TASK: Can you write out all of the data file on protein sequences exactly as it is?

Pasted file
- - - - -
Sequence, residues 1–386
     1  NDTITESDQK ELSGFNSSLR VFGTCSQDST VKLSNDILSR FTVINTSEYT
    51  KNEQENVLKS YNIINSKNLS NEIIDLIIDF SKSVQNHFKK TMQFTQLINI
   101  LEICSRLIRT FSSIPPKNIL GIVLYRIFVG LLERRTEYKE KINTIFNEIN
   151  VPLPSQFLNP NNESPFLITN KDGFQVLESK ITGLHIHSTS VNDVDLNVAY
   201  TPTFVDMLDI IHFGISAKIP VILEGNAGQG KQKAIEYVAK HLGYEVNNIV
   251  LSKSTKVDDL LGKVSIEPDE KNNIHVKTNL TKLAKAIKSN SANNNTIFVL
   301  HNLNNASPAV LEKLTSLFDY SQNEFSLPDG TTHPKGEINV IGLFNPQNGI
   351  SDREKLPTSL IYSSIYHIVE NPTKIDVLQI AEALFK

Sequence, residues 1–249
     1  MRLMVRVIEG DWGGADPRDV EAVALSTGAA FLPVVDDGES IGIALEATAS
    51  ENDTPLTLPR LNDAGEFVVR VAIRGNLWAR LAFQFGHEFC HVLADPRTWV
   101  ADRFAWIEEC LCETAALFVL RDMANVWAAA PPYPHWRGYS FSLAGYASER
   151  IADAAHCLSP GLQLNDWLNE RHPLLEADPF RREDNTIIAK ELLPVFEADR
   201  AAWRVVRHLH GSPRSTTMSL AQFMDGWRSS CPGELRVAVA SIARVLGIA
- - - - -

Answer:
Sequence, residues 1–386
     1  NDTITESDQK ELSGFNSSLR VFGTCSQDST VKLSNDILSR FTVINTSEYT
    51  KNEQENVLKS YNIINSKNLS NEIIDLIIDF SKSVQNHFKK TMQFTQLINI
   101  LEICSRLIRT FSSIPPKNIL GIVLYRIFVG LLERRTEYKE KINTIFNEIN
   151  VPLPSQFLNP NNESPFLITN KDGFQVLESK ITGLHIHSTS VNDVDLNVAY
   201  TPTFVDMLDI IHFGISAKIP VILEGNAGQG KQKAIEYVAK HLGYEVNNIV
   251  LSKSTKVDDL LGKVSIEPDE KNNIHVKTNL TKLAKAIKSN SANNNTIFVL
   301  HNLNNASPAV LEKLTSLFDY SQNEFSLPDG TTHPKGEINV IGLFNPQNGI
   351  SDREKLPTSL IYSSIYHIVE NPTKIDVLQI AEALFK

Sequence, residues 1–249
     1  MRLMVRVIEG DWGGADPRDV EAVALSTGAA FLPVVDDGES IGIALEATAS
    51  ENDTPLTLPR LNDAGEFVVR VAIRGNLWAR LAFQFGHEFC HVLADPRTWV
   101  ADRFAWIEEC LCETAALFVL RDMANVWAAA PPYPHWRGYS FSLAGYASER
   151  IADAAHCLSP GLQLNDWLNE RHPLLEADPF RREDNTIIAK ELLPVFEADR
   201  AAWRVVRHLH GSPRSTTMSL AQFMDGWRSS CPGELRVAVA SIARVLGIA